A Just Walk (run, hike, etc…)

"…to the Rock that is higher…"


Leave a comment

Church Camp!

This past weekend my church (Chiang Mai Grace Church) had their annual church camp. The Thai churches have getaway retreats that involve the entire church body, as opposed to just kids or separate men’s and women’s retreats. Mother’s Day is celebrated on 12 August each year in honor of the Queen’s birthday and this year it turned into a 3-day weekend, so this big holiday was a perfect time for the event. Many people came from out of town such as family of church members, and former attendees who now live in other places. A total of 130 people participated in the camp.

One of the elders baptizes a special young woman.

The speaker was quite good and he brought some fun and interactive ways to illustrate the points he wanted to make through his talks. He even quoted Timothy Keller a couple of times, so I knew he was right on. The theme of the camp was identifying our idols, how we like to hold on to them and how to dump them – a very challenging topic! Another great thing was that three people were baptized!

The children learned about Thailand’s Christian heritage and they honored the two families and me who are there who are sent as cross-cultural workers with a simple gift based on Isaiah 52:7 “How beautiful on the mountains are the feet of the messenger bringing good news, breaking the news that all’s well, proclaiming good times, announcing salvation, telling Zion, “Your God reigns!”

The program was, of course, all in Thai and so were all my conversations – except the few I had with the other foreigners – so my brain got quite a language work out! My Thai is pretty good, but this was definitely challenging!

This was the first and church I visited when I moved to Chiang Mai and I haven’t visited another one since. I feel peace there and that doesn’t happen often. It is not too small, but seems intimate and people love each other and are welcoming to all. I don’t go to a Thai church because I feel obligated to go to a “Thai” church. I go there because the Spirit moves me there. And to be completely honest, if I’m not fully equipped by the sermon there are amazing talks on iTunes a couple clicks away. Of course it is FAR from perfect and the body is relatively young. I still have a long way to go to feel “integrated” but probably there will always be that tension as an expat. Even so, it is my local body and I seek to serve in and through it.

The interactive sessions had us in different groups all the time – this group was especially spunky!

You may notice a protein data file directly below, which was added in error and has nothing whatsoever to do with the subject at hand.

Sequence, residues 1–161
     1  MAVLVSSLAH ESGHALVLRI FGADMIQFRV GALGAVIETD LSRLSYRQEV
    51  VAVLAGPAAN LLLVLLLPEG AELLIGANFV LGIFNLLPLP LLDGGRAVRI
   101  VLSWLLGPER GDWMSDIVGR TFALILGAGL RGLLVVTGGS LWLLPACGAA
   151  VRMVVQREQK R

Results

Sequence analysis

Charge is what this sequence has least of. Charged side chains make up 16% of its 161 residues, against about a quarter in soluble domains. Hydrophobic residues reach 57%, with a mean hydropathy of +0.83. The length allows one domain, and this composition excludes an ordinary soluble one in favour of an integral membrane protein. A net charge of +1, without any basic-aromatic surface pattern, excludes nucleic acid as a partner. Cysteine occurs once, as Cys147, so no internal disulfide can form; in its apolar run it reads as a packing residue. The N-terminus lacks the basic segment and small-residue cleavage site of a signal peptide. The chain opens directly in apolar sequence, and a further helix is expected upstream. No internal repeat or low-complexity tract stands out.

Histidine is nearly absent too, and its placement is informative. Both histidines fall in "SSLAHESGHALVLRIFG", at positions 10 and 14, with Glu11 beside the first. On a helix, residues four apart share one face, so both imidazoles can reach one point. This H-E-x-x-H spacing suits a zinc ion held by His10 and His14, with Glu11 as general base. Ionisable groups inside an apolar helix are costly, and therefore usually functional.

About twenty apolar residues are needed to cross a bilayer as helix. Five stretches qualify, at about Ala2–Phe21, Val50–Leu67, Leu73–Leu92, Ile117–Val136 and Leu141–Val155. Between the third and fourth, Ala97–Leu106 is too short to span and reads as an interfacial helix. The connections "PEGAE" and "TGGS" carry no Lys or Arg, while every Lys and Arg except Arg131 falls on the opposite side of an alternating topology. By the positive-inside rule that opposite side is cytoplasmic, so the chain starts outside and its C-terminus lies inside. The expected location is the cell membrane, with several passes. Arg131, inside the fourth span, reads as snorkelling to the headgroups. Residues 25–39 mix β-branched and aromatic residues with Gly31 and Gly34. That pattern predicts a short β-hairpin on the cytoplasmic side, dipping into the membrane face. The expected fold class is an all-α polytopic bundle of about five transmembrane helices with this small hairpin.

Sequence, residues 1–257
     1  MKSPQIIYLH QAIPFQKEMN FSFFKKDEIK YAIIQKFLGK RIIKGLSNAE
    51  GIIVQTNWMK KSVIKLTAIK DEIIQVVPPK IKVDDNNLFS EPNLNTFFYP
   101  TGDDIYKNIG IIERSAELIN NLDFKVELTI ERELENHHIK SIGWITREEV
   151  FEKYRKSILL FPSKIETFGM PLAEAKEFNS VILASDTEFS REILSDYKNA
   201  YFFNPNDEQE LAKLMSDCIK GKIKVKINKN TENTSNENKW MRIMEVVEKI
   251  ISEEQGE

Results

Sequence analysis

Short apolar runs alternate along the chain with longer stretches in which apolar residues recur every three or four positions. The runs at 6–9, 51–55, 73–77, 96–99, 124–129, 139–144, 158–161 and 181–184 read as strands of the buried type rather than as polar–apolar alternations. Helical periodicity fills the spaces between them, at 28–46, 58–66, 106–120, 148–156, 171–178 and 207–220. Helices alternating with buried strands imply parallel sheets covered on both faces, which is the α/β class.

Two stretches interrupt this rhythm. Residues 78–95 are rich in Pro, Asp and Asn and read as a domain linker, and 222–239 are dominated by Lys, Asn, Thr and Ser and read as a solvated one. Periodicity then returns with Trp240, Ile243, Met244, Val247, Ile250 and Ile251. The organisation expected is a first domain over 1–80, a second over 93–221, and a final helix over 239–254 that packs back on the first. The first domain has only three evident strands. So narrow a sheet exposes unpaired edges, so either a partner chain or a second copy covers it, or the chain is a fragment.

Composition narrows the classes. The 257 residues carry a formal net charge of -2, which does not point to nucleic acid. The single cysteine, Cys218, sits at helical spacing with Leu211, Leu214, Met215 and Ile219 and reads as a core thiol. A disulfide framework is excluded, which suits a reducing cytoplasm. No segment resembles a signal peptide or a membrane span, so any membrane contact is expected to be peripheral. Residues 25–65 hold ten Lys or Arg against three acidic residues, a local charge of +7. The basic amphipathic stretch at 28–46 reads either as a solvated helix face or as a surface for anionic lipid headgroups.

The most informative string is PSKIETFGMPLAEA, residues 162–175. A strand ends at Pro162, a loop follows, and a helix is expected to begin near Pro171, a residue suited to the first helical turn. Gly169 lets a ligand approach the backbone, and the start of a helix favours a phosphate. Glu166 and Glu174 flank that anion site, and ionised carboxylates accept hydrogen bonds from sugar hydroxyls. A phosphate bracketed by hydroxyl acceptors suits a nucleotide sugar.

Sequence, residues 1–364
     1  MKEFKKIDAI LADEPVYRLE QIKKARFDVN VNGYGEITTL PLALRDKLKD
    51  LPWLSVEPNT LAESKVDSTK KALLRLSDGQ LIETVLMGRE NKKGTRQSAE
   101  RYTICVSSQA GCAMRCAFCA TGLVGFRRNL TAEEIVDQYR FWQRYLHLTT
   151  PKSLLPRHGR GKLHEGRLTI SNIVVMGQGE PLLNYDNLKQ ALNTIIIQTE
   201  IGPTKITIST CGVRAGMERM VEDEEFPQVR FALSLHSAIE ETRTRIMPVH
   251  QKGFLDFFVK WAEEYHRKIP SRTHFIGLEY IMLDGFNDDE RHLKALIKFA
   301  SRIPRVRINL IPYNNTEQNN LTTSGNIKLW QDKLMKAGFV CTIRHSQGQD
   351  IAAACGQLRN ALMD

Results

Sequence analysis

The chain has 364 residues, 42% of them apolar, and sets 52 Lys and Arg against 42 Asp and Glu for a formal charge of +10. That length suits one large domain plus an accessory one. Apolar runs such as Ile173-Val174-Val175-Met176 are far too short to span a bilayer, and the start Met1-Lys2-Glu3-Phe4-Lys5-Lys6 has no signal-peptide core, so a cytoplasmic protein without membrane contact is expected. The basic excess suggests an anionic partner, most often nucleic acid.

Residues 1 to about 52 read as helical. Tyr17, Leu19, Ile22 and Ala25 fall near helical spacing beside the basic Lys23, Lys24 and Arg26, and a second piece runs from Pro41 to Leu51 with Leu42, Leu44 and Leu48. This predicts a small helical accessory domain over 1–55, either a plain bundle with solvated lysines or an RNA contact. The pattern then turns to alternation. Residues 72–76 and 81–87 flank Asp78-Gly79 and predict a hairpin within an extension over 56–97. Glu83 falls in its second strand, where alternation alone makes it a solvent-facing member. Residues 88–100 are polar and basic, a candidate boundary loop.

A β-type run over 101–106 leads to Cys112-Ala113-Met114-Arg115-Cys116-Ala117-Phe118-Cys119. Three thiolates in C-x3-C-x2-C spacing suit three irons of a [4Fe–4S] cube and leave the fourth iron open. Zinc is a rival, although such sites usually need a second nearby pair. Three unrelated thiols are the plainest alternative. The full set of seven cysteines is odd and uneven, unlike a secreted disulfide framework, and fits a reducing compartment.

A note on my Stateside schedule published here: I’ve since arranged some time in Grand Rapids, MI the last week of October.


Leave a comment

back… home? where? reflections on re-entry

I’ve been back in the States now for several weeks already, but it didn’t take long for me to notice some of the quirks I have developed after 2.5 years in China. Perhaps you have seen those lists: “you know you’ve lived in China too long when…” I’d like to hear about some of your quirks you found yourself doing once you were back where you came from.

First, it took a while for me to stop looking for the trash receptacle in the bathroom to throw away my toilet paper. Just yesterday I found myself snapping my fingers trying to get the lights on to illuminate the staircase in my house! It’s great to have relatively clean public restrooms available everywhere – even in most parks – and with TP included!b I’m enjoying the novelty of driving again (I’m wimping out on the bike commute while it is still snowing) and I almost forgot that gyms typically don’t allow smoking inside. I’m practically paralyzed by all the choices of everything in the stores. It goes without saying that getting to dry my clothes in a clothes dryer is the BEST!

However, some of the things that strike me are not as light. Although I do appreciate (and am now amazed) the amount of space in which people inhabit here, I now find it insulating and isolating. Since I no longer fit into the fabric of my friends’ lives, it can take some effort to find some time with them. I find it easy to slip into the numbing rhythm of occupying s much space to myself. It is nice at first, but a little weird after living among so many people for so long. Where are all the people? I can’t just go around the corner and see my favorite fruit- and veggie-sellers, one of the small, but meaningful parts of living in a community in China. I don’t see the same people out sitting in the sun or taking their children to school. Fortunately I don’t reside in the suburbs and can walk to the bank, small groceries, the library, and a couple local restaurants (most of them pizza joints). But it is still not quite the same. Perhaps it is the sheer numbers of people – the numbers that get to wear you down because you are tired of working so hard to avoid running into people. Even so, it is something that you get used to and something that you notice is missing.

These are just a few observations that I’ve taken the time to comment on now. It all makes me wonder where I really belong, but reinforces that I am a global citizen.